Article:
Suggest Edits
 Edward “Allegheny” Johnson

Photo added by ronald deavy

Edward “Allegheny” Johnson

Ciivl War Confederate Major General. Nicknamed “Old Allegheny”, he was a native of the commonwealth of Virginia. Born in the western expanse of the state in the town of Salisbury, the Johnson family moved from the “Old Dominion” and settled in Kentucky. He was accepted to the United States Military Academy on July 1, 1833 and was ranked 32nd out of the 45 cadets who graduated on July 1, 1838. Customary to his class ranking, he was commissioned a 2nd Lieutenant in the 6th United States Infantry. Stationed at various frontier posts in the West, Johnson assisted in the actions against the Seminoles in Florida before distinguish service in the Mexican War, where he acknowledged honorary promotions of Brevet Captain and Brevet Major for “gallant and meritorious conduct”. Promoted to the full rank of Captain on April 15, 1851, the professional trained soldier remained in the United States Army until his fateful decision to resign on June 10, 1861. Following the resignation, he entered the Confederate Army at the rank of Colonel and was placed in command of the 12th Georgia Infantry. His promotion to Brigadier General, C.S.A. was dated December 13, 1861. His ardent defense of the crest of the Allegheny Mountains during the Cheat Mountain Campaign garnered him the “Thanks of Congress” on January 10, 1862. During the May, 1862 Battle of McDowell, he received a dangerous wound to the ankle that necessitated a year to convalesce. It was during this recuperation that his February 28, 1863 promotion to Major General, C.S.A, was commissioned. On his return to the re-organized Army of Northern Virginia, he was assigned to Lt. General Richard Ewell’s 2nd Corps and placed in direct command of General Thomas “Stonewall” Jackson’s old division. He subsequently led the Division through the maelstrom battles of Gettysburg and the Wilderness. The former battle he was wounded and had a horse killed beneath him. At the height of the May 12, 1864 Battle of Spotsylvania Court House, his command weakened during its defense of the “Bloody Angle” which resulted in his and the majority of his command becoming prisoners of war. Exchanged on August 3, 1864, he transferred to the western theater of the war and was assigned a division in Lt. General John Bell Hood’s Army of Tennessee. At the Battle of Nashville, he was captured on December 15, 1864 and remained imprisoned until his release from the Old Capital Prison in Washington, DC on July 22, 1865. Returning to his native Virginia, he renewed his life as a farmer. General Johnson’s marker in Hollywood Cemetery is a cenotaph. His true burial site is unknown within the section.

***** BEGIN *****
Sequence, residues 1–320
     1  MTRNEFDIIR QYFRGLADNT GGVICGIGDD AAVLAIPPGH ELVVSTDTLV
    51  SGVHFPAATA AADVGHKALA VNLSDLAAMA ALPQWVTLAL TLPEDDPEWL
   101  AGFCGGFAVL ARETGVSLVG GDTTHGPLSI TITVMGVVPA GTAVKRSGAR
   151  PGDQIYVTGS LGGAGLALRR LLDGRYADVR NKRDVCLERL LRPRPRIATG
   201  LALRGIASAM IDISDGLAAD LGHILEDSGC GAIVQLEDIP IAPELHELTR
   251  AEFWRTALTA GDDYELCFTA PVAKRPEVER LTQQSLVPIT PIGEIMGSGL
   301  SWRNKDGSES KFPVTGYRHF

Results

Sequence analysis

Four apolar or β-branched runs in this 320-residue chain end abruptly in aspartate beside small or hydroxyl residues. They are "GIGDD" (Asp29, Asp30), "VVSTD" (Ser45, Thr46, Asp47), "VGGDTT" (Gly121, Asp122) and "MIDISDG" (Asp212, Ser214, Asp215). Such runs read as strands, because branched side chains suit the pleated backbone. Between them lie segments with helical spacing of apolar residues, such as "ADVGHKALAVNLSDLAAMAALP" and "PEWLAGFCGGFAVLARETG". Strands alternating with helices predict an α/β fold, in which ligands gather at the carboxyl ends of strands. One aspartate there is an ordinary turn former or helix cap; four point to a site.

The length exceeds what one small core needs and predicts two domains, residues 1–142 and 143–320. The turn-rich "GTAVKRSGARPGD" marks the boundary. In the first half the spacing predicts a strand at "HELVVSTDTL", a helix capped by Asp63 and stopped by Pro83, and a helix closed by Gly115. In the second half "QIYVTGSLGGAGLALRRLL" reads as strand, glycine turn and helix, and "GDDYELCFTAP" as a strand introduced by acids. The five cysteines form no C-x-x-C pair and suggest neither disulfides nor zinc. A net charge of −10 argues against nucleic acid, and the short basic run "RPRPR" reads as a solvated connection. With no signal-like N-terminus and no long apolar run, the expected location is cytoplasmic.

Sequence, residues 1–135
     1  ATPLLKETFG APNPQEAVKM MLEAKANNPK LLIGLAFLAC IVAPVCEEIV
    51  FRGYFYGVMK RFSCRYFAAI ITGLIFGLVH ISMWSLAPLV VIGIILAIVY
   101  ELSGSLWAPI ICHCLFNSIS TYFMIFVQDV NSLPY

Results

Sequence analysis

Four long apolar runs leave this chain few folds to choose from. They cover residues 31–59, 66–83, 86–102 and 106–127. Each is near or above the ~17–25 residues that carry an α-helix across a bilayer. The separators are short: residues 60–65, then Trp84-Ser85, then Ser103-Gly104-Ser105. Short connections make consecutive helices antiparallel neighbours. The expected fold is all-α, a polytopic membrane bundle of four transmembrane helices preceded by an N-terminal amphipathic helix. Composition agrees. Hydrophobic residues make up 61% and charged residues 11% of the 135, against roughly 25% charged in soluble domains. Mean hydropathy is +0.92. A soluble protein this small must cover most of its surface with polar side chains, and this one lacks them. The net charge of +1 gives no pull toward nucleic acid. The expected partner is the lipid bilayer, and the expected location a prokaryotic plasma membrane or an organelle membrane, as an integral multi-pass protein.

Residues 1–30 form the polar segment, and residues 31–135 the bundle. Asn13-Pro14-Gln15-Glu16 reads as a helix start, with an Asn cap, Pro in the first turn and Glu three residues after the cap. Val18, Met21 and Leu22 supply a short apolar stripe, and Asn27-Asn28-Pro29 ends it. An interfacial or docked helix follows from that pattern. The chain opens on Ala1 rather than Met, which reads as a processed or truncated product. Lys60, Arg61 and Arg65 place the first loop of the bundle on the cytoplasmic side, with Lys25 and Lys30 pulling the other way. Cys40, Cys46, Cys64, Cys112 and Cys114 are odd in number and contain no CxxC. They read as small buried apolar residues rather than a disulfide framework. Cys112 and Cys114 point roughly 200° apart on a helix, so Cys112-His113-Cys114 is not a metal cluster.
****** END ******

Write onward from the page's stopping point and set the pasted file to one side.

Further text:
Bio by: Stonewall


Advertisement

Advertisement

Advertisement

Advertisement

How famous was Edward “Allegheny” Johnson?

Current rating:

33 votes

Sign-in to cast your vote.

  • Maintained by: Find A Grave
  • Added: 2 Mar 1999
  • Find A Grave Memorial 4659
  • Find A Grave, database and images (https://www.findagrave.com : accessed ), memorial page for Edward “Allegheny” Johnson (16 Apr 1816–22 Feb 1873), Find A Grave Memorial no. 4659, citing Hollywood Cemetery, Richmond, Richmond City, Virginia, USA ; Maintained by Find A Grave .